Cherry blossoms in Vancouver,BC,15 April 2017 (CityofVancouver/Twitter)
Canada’s so-called Left Coast may have the mildest winters in the country but along with that comes a lot of cloudy skies and precipitation mostly falling as rain.
After a colder and snowier than usual winter, Vancouver experienced a gloomy March with the least amount of sunshine since records began in 1951 and it rained 28 out of 31 days.
So it’s no wonder, the sight of beautiful pink and white cherry blossoms is causing traffic troubles with so many drivers and pedestrians stopping to admire them.
The peak bloom is a bit later than normal this year thanks to dismal weather causing the Vancouver Cherry Blossom Festival to reschedule some events.
Cherry blossoms in bloom, Washington, DC, USA, 02 March 2017 (Instagram)
During January and February, the city of Chicago only had a few centimetres of snow with no measurable amount on the ground for the first time in 146 years.
Record highs were broken from New England to Texas where temperatures recently soared into the high 20’s C causing trees and flowers to bloom ahead of schedule.
The cherry blossoms in Washington, DC could reach their peak on 14 March which would be the earliest.since officials began keeping track in 1921.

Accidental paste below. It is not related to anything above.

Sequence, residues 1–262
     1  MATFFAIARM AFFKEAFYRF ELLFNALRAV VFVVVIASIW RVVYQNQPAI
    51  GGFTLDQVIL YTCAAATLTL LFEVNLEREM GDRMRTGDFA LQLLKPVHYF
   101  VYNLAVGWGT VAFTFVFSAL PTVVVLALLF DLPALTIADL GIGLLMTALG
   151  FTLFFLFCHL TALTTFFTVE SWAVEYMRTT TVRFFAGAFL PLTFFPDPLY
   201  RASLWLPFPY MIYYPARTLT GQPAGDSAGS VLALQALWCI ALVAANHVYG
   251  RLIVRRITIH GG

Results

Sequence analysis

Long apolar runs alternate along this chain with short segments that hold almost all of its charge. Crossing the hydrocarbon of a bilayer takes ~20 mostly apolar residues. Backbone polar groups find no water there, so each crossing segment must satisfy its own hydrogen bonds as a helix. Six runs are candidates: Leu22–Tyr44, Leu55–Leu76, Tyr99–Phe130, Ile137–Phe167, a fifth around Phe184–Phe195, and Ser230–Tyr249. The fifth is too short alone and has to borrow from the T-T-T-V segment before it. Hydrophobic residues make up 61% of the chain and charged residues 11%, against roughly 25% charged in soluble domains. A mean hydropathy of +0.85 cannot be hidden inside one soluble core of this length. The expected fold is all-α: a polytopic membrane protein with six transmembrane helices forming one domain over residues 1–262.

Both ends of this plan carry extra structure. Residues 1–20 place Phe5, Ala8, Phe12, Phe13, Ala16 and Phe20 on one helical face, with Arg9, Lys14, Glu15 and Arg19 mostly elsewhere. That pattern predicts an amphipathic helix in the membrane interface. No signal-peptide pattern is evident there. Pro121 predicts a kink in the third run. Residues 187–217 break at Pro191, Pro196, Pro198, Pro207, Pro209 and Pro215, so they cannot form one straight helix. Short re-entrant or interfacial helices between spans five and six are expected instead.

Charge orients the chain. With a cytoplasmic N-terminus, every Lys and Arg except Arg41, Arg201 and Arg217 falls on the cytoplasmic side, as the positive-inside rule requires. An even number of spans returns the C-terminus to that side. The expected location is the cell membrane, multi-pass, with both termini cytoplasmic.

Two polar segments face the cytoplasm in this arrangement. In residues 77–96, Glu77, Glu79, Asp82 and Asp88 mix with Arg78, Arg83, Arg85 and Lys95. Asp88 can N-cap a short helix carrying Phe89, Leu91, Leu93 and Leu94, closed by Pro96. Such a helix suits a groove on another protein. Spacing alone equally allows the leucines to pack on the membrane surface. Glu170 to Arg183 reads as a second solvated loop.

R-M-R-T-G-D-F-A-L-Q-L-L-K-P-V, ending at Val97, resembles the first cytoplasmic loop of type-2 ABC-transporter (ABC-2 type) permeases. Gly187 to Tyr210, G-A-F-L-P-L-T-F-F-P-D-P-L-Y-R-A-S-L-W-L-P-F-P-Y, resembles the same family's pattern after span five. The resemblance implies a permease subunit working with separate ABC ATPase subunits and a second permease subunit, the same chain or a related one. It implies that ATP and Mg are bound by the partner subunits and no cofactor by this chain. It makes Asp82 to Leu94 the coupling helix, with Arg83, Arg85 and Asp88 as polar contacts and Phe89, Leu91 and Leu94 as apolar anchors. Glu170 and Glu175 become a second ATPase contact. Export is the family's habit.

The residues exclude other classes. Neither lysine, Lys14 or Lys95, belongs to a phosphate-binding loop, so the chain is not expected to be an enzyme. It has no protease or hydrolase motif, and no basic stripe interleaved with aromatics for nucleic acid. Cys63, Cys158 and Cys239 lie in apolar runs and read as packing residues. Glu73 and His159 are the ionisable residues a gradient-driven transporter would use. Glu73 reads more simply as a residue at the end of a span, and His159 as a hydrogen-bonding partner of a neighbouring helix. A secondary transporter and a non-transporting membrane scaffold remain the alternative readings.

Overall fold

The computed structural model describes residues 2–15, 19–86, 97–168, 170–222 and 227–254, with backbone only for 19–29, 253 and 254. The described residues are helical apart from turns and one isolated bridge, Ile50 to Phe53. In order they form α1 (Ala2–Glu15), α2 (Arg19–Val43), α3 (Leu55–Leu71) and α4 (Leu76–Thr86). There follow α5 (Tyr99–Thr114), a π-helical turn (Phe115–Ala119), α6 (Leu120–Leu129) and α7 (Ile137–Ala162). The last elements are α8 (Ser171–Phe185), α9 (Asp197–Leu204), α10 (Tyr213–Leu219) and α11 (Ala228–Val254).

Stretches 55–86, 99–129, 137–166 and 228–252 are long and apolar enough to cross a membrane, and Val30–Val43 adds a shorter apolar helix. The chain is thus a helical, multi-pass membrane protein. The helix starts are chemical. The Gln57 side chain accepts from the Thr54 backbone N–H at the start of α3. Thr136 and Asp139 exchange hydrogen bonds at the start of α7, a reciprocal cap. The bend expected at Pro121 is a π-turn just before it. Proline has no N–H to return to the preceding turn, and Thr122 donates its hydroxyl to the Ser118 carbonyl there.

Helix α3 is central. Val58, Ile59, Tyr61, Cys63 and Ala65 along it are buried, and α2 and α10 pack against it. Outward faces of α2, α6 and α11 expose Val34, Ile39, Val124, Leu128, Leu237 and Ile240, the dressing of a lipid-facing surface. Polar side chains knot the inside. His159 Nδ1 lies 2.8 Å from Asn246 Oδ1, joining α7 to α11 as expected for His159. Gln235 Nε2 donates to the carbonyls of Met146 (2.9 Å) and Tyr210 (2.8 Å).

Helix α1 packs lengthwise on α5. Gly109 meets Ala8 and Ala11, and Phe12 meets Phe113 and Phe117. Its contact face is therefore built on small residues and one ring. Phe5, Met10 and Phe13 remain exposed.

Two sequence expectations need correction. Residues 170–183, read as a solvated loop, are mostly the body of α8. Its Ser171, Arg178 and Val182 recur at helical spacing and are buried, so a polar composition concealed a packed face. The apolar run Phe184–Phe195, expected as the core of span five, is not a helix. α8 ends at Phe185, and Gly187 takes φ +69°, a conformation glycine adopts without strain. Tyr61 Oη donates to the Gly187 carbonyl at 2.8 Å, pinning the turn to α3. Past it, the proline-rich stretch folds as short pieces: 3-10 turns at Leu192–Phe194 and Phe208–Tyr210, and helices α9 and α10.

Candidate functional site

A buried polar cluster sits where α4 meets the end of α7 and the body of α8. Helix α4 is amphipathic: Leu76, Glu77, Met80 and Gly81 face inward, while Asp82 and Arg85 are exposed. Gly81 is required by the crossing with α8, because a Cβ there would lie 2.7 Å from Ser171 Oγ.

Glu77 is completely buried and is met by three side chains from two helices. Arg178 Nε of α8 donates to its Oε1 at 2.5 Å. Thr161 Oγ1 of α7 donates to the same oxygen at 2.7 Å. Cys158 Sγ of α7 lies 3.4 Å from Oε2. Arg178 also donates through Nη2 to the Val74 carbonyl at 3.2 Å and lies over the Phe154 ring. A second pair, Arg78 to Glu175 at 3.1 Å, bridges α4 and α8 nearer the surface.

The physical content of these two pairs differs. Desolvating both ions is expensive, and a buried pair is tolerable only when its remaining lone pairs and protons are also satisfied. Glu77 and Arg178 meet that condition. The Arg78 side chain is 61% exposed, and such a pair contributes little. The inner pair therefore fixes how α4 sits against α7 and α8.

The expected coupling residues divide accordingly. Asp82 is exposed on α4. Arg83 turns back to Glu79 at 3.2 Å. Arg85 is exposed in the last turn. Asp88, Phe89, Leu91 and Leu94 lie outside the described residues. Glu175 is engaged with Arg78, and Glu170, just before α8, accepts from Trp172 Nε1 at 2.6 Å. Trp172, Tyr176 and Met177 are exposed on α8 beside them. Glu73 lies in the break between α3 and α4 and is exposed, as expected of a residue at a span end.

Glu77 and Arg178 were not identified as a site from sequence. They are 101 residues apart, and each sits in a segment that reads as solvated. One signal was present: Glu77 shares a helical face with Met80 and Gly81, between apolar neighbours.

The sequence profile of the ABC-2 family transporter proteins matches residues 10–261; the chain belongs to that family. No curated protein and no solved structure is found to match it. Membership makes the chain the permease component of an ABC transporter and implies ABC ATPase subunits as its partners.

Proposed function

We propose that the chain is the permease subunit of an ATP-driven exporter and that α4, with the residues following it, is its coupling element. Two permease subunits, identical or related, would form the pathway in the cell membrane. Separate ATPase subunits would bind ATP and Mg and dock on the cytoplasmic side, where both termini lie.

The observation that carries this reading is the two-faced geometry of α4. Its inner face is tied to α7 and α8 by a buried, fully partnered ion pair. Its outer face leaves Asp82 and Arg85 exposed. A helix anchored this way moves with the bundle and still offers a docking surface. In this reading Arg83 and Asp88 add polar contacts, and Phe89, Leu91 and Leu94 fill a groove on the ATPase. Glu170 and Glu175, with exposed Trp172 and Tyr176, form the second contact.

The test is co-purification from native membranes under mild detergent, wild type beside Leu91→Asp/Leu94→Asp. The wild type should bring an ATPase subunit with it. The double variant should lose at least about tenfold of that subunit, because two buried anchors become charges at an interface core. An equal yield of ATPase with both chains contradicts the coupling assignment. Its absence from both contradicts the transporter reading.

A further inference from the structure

Climatologists say much of the central and eastern United States had a very warm winter with February 2017 being the second warmest in 123 years of records.
UPDATE – The cherry blossoms in Washington, DC actually reached their peak on 25 March after being delayed by a cold snap and snow.
The snowbanks keep getting higher in NW Moncton, 16 Feb 2017 (Facebook)
An intense low pressure system tracked across the Maritimes today bringing heavy snow along with strong northerly winds creating blowing and drifting snow.
Environment Canada says this was the fourth storm system to impact Greater Moncton and Southeast New Brunswick over the last two weeks.
Visibility was often very poor and the New Brunswick Emergency Measures Organization restricted travel to snow plows and emergency vehicles on many major highways today.